The CWAA: a new look, a new energy

The Cape Women’s Agricultural Association turns 85 this year, making it one of the oldest women’s organisations in SA. The president, Erika Lubbe, talks to Roelof Bezuidenhout about the CWAA’s role in modern country life.

The CWAA: a new look, a new energy
Erika Lubbe
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How has the ongoing decrease in farmer numbers affected your membership?
We’ve never struggled with membership. Our numbers seem to have stabilised at about 6 000. We don’t consist only of farmers’ wives anymore. We have 18 circles or regions stretching from coast to coast. While we’re not affiliated to the SA Women’s Agricultural Union, we work closely with it.

Any woman older than 16 can join the organisation. The only limiting factor nowadays is that younger women are forced to go out and work, while others spend a lot of time ferrying children to school and extramural activities. Those who join realise that we have a lot to offer.

How has the CWAA changed?
We’ve worked hard to bury the perception that we’re just a bevy of elderly ladies making koeksisters for church bazaars.  We’re marketing the organisation aggressively, shifting the focus to issues that are important to families, communities and the country as a whole. We now function within six main categories: agriculture and horticulture, public affairs, education and culture, health, arts and crafts, as well as lifestyle. This includes lectures, workshops, competitions, demonstrations, exhibitions and excursions.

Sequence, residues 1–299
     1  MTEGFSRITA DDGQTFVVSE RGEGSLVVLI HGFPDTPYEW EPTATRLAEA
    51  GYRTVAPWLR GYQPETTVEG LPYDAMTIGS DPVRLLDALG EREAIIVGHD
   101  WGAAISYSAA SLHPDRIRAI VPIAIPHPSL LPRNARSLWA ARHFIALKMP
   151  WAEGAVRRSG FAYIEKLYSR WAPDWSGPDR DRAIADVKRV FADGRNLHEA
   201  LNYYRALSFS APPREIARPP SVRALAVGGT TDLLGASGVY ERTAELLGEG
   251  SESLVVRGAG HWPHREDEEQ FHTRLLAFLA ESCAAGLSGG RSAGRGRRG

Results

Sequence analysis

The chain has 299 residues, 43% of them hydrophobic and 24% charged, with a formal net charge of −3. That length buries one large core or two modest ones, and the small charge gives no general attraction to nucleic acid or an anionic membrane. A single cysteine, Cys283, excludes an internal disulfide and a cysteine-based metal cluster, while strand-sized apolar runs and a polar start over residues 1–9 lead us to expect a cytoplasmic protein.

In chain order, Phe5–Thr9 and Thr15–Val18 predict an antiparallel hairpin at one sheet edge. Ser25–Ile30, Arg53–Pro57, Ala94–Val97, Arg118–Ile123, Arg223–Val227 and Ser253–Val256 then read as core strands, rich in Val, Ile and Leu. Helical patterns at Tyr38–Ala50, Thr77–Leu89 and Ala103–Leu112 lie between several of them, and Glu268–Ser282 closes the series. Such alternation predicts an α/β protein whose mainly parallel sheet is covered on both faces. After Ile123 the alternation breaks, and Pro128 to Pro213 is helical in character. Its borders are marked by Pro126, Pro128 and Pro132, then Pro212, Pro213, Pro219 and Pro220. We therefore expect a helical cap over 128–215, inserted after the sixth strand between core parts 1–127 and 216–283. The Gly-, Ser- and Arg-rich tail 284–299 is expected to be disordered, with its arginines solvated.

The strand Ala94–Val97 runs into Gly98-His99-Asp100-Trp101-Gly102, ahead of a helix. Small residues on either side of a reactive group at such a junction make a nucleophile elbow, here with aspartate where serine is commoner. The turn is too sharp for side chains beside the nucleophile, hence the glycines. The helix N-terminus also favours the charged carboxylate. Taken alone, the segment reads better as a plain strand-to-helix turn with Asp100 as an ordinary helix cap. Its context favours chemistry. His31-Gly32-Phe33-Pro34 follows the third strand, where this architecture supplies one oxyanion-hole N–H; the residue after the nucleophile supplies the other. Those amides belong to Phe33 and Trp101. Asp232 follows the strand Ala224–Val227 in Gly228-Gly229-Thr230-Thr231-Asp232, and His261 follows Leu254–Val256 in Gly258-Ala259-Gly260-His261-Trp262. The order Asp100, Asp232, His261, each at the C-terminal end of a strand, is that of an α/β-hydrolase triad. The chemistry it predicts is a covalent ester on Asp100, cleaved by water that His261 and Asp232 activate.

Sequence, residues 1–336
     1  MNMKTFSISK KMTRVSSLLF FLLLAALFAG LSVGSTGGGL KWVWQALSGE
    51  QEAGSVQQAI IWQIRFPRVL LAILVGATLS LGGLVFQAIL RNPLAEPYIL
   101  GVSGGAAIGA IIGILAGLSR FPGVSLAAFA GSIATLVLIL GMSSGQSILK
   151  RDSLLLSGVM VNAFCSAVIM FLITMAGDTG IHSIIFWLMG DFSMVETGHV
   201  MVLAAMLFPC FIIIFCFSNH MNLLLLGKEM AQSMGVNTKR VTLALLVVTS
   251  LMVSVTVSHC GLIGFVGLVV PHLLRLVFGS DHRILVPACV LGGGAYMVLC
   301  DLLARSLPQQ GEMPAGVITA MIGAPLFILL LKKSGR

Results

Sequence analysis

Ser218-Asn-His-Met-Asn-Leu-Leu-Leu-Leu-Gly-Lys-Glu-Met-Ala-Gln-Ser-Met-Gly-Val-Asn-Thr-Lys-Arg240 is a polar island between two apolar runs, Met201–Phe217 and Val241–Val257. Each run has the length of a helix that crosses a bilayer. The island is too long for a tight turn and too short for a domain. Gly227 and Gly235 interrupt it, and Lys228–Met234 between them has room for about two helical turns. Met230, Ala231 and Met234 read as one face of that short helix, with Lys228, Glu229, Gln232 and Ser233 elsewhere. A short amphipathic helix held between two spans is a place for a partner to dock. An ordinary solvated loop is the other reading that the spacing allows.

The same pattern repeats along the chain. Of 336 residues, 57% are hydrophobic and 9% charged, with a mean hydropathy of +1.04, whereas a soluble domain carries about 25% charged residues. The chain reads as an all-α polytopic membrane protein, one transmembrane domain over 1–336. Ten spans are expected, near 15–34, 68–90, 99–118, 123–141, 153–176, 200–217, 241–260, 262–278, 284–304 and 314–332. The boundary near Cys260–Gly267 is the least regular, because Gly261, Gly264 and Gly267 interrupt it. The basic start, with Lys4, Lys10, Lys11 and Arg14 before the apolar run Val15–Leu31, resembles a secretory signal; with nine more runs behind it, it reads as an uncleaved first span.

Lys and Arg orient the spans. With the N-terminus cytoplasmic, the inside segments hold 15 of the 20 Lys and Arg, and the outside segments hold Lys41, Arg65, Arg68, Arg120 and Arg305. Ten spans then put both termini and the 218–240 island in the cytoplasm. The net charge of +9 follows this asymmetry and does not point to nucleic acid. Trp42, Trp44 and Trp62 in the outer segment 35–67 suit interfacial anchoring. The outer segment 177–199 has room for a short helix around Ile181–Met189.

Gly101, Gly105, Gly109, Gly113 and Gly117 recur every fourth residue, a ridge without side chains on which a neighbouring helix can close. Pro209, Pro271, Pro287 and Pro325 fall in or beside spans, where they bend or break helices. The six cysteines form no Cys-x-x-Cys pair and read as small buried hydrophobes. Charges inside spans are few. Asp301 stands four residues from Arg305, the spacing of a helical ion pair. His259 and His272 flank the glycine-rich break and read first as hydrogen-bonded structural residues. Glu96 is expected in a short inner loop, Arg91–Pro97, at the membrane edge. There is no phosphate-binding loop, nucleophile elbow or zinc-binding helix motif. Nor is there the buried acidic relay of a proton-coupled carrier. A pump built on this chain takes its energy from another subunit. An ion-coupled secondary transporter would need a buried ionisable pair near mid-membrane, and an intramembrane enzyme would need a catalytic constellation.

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But looking back at a bygone period when members were less educated, baking, needlework and learning to run a home in general was the natural thing to do – a necessary part of our evolution. Today our members are not only empowered to improve their own lives and the lives of those around them by using their skills, but they can confidently teach the basics of home-building to less privileged members of the community.

Our main goal is adult education – empowering women to play meaningful roles in all aspects of life. We provide a platform for women to associate freely with one another, to discover and develop their talents, and to find new interests. We really have exchanged the koeksister for the computer. Technological advances have made it clear that computer skills are more important than reading recipes. Towards the end of 2008, only 10% of our members had Internet facilities and 2% were computer-literate. By September 2013, more than 60% had acquired computer skills. The Internet will play an increasing role in rural development.

How do you see the future of rural South Africa?
We’re acutely aware of challenges, such as unemployment, faced by rural dwellers but one should not get too despondent.
The platteland is not necessarily doomed but we cannot recreate the one we once knew. The platteland of tomorrow will have to comply with modern requirements.

How do you prepare members for that?

It’s not only the labour situation that has changed radically but the general farming situation, perhaps more than some people realise. The farmer’s wife has become a partner in the business. Members’ knowledge of local farming conditions as well as international trends is crucial. They learn to know what they buy and, like their European consumer cousins, know what the labour and environmental practices on the farms and factories are, or should be, and how organised agriculture fits into the picture.